[1] The issue presented is whether RCW 9.95.210 limits the scope of restitution to the precise offense as charged, or allows the trial court sufficient discretion to order restitution for the damages arising from the general criminal scheme for which the defendant was convicted. We agree with Mark's characterization of his conviction as being for "grand larceny for 13 months." Limiting restitution to the specific 13-month period charged may be technical, but it is required by the specific language of the statute.

In State v. Eilts, supra, the Supreme Court held that the trial court exceeded its statutory authority in ordering restitution for all 87 investors defrauded by the defendant. Restitution was limited to those victims of the fraud charged and proven at trial. The court construed the language "the crime in question" as restricted to the offense on which the conviction is specifically based, rejecting the argument that the "crime in question" was fraud perpetrated by the defendant in the offer and sale of securities to the public. Eilts, at 493. The court reasoned that restitution must be reasonably related to the crime in order to effectuate the purpose of directing a defendant to accept responsibility for his or her acts. Because the State did not establish an overall plan or the existence of a single scheme to defraud the public, the defendant was being required to make restitution to people against whom he was not charged with wrongdoing. Such "restitution" does not achieve the goal of making the defendant realize the scope of the wrongful acts or aid in rehabilitation. Eilts, at 493-94.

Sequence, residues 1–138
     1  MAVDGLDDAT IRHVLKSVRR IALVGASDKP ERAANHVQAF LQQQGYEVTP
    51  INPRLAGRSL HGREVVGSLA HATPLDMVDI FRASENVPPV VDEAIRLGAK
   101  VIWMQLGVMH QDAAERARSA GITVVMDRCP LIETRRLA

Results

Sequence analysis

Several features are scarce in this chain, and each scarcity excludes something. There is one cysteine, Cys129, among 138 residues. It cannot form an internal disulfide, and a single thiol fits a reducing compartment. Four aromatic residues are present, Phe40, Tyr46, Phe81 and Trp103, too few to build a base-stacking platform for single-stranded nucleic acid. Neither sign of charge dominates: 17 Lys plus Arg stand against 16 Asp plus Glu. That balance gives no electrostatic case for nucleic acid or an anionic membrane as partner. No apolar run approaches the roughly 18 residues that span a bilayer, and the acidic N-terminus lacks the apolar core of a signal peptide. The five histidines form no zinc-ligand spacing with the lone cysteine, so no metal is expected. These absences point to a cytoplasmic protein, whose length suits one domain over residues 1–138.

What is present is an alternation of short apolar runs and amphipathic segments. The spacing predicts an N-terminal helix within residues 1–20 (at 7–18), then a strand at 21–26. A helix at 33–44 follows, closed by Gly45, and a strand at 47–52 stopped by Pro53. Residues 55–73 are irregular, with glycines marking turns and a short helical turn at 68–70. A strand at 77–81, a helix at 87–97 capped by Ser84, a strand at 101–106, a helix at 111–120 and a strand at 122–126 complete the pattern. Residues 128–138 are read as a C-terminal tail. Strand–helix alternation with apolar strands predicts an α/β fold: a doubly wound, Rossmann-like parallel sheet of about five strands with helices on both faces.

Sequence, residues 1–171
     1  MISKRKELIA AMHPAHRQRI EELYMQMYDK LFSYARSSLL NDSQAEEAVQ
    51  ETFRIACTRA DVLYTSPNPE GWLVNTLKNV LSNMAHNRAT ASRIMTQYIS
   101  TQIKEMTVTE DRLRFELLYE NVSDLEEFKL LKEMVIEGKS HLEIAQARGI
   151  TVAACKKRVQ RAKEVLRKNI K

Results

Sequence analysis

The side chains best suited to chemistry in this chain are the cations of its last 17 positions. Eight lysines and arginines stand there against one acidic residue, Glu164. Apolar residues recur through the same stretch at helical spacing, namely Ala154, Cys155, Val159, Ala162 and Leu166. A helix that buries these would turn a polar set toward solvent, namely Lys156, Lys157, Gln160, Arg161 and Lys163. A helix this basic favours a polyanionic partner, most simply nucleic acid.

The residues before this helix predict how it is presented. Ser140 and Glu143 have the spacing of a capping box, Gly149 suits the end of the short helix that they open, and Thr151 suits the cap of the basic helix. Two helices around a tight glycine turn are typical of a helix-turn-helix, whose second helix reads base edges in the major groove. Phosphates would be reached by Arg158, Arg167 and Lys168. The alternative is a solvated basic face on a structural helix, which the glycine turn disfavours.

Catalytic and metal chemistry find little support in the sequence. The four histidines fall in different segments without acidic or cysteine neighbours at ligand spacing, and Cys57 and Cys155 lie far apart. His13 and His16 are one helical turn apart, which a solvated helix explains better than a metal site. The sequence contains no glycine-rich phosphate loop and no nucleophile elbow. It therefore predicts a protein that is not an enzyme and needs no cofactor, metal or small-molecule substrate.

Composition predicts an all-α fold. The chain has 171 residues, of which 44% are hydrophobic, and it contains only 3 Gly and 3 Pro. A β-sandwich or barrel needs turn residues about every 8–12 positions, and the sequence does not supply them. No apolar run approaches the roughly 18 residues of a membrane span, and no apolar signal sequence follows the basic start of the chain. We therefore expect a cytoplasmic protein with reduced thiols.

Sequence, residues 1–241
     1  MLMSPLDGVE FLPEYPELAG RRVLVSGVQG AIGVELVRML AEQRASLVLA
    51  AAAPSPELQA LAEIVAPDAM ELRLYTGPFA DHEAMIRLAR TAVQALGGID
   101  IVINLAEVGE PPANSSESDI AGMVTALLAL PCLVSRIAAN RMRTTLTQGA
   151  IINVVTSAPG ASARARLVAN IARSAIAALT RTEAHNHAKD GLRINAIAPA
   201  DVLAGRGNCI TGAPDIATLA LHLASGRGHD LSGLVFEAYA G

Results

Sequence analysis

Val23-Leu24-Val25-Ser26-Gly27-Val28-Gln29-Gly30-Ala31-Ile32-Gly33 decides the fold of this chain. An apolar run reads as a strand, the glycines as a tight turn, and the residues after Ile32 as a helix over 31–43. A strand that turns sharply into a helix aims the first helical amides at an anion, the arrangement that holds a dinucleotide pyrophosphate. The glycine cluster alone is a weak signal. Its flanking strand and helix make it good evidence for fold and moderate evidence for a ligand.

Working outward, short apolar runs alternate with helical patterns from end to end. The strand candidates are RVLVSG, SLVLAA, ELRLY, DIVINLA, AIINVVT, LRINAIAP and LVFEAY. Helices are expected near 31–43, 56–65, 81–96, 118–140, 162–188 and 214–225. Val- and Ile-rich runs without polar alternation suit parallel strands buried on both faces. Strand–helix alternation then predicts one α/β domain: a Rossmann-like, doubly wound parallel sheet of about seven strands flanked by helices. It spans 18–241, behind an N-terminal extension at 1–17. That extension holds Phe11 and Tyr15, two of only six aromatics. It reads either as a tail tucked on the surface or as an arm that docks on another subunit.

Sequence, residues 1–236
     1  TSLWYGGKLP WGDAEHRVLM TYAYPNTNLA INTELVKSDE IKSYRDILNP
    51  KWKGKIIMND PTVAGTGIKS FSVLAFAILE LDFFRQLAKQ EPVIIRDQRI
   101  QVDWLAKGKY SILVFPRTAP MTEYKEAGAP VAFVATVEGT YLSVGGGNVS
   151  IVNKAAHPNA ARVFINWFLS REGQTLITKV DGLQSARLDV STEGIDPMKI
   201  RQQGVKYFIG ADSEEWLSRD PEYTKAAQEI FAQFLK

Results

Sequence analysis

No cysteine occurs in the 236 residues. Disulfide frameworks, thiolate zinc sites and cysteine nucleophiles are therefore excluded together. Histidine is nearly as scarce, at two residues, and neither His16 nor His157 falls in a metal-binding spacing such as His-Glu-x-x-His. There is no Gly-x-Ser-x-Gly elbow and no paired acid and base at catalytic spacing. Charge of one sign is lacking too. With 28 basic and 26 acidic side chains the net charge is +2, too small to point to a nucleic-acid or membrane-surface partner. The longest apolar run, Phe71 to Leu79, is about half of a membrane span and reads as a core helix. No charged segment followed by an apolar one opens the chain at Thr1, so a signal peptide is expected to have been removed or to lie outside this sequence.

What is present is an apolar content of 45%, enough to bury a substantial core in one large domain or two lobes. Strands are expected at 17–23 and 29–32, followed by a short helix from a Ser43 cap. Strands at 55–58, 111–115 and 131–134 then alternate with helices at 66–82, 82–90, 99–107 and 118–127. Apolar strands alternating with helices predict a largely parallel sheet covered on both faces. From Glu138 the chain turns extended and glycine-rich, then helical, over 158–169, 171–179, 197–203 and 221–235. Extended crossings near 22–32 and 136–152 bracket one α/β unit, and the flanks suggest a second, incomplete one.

After the Eilts opinion, the Legislature amended RCW 9.95.210 to read as follows, adding the underlined language to the statute:

The court may also require the defendant to make such monetary payments, on such terms as it deems appropriate under the circumstances, as are necessary (1) to comply with any order of the court for the payment of family support, (2) to make restitution to any person or persons who may have suffered loss or damage by reason of the commission of the crime in question or when the offender pleads guilty to a lesser offense or fewer offenses and agrees with the prosecutor's recommendation that the offender be required to pay restitution to a victim of an offense or offenses which are not prosecuted pursuant to a plea agreement . . .

In State v. Barr, supra, the Supreme Court acknowledged that this legislative action effectively overruled Eilts and indicated the legislative intent "that this statute be interpreted broadly to allow restitution." Barr, at 78-79. The Barr court affirmed a restitution order requiring the defendant to pay child support to the surviving child of the negligent homicide victim. The court distinguished Eilts by saying that "[t]he trial court's order of restitution . . . was not based on their status as victims of uncharged crimes but rather as persons who suffered loss or damage because of . . . [the] death", recognizing that the "broad language" of the statute allows such an interpretation. Barr, at 78.